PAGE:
FIRE DEPARTMENT OF MADISON, N. J.
Twenty years ago, the formation of a fire department for Madison was discussed at a public meeting. E. P. Feleh was made chairman of the meeting and D. A. Cooper, secretary. It was stated that Madison had suffered considerable loss by fire, and It seemed wise that some protection should be secured. Two cisterns, which had been built in the Square and near the postoffice a few years previous by the then defunct Madison Improvement Society, it was thought could be made available to use in case of a fire in the centre of the town, and with the aid of an organized company good service could be rendered
Committees were appointed to formulate articles of incorporation, and organize a company.
On June 6, 1881, the election of officers took place, and resulted ns follows: President, B. Warren Gurnet; foreman, William S. Denman; first assistant, James A. Post; second assistant, A. S. Force ; secretary, Fred B. Pardon; treasurer, M. B. Crane. Meetings were held from time to time to hear from the committee on subscriptions to purchase a hook and ladder truck, but not until April 7, 1882, were there sufficient funds in hand to secure the same. It cost, complete, $647.05, and was sold to Afton recently and replaced by a handsome, up-to-date apparatus, costing $1,400.
Through the generosity of the late William J. Brittin, the present lot was given to the company, aud a building costing $700 erected, the money for this being raised by private subscription. It was completed and oocupiedon June 6, 1882.
The first fire which the company had to contend with was on a Sunday in June, 1884, at 3 a. m., in Duncan’s drug store, and it was put out wdth but little damage. The same building got on fire again on the Wednesday following at 2 a. m , and the property was again saved, although much dumage was done by water. Since that time the company has attended ninety-one fires.
From the introduction of city water with a gravity pressure of 100 pounds to the square inch, In the most thickly settled part of the ^town, there ha* been but little loss from flames, the firemen acting promptly with a complete equipment for fire service. But four members of the company have died since its organization, viz: Benjamin L. Brown, William J. Brittin, Edward O’Donnell and It. C. Albright. There are now thirty-four members, with the following officers: President, Fred B. Bunion; vice-president, Edward F. Freuz; treasurer, Edward Van Voorhees; secretary, Alfred P. Smith ; chief, James E. Burnet; first assistant, John B. McGrath; second assistant, L. L. Taylor.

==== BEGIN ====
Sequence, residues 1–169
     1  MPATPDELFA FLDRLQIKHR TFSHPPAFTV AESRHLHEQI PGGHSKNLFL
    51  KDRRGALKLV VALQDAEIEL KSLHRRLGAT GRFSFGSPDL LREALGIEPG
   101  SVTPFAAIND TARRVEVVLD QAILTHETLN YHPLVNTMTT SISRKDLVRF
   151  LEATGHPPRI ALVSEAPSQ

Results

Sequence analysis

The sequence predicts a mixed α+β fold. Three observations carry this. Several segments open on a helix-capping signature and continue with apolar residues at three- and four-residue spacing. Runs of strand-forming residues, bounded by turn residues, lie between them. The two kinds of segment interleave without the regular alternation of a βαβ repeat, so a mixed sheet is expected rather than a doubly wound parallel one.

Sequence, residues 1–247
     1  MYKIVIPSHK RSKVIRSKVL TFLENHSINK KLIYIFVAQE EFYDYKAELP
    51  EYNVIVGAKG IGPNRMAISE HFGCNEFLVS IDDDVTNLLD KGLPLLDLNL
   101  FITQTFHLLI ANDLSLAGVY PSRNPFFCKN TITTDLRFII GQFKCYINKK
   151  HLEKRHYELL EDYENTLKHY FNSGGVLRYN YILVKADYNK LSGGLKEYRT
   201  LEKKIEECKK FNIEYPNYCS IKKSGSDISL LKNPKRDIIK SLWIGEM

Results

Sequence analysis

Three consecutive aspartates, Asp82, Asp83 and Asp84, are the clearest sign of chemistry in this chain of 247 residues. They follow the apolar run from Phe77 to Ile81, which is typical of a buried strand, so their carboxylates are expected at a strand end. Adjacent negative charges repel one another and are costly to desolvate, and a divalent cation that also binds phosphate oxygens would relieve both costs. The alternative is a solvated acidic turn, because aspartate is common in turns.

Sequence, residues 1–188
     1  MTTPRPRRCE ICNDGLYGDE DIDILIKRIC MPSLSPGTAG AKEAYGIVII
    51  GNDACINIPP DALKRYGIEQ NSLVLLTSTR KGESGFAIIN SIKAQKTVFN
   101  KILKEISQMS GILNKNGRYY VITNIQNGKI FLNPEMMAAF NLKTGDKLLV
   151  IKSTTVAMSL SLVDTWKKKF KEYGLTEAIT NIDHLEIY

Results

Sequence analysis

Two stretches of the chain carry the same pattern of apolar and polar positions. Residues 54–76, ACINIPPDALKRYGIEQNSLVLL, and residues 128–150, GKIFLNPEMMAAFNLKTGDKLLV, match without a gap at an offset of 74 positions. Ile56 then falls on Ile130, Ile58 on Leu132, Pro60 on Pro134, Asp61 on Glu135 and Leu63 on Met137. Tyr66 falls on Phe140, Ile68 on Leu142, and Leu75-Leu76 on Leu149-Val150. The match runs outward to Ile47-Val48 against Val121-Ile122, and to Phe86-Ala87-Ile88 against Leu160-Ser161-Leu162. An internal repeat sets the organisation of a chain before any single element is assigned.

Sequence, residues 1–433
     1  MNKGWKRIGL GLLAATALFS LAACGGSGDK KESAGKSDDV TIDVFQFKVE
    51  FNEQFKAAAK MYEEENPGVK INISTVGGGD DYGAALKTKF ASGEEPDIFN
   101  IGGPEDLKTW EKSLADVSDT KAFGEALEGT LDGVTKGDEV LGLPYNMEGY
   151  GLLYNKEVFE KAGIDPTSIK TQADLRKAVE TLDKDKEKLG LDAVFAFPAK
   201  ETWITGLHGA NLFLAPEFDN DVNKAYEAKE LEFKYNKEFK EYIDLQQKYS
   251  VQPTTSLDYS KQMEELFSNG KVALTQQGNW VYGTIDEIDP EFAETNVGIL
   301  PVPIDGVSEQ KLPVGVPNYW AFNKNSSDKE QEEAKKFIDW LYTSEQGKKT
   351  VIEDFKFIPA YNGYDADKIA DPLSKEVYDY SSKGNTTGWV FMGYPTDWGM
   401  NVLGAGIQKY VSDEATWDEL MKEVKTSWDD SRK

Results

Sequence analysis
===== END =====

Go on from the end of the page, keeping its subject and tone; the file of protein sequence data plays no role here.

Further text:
While the fire apparatus, consisting of a hook and ladder truck, hose carriage containing 800 feet of hose, and a jumper with 400 feet, with an extra supply of 1,200 feet of hose, is adequate for present purposes,the building is far too small, and efforts are now being put forth to have a suitable one erected, and to put In operation an electric alarm. The compnny has a steward, who Ison duty at all hours, while a telephone service keeps the members in touch with the entire borough.
There is but one organized volunteer Are department in the city of Denver, Colo. It is known as the Murray Hose company, and the hose house is located in the old town of Colfux. The company consists of about twenty-five men, citizens of Colfax and Highlands. The company was organized May 10, 1899, by W. S. Meyers, and was named in honor of Matthew Murray, alderman of the Sixteenth ward.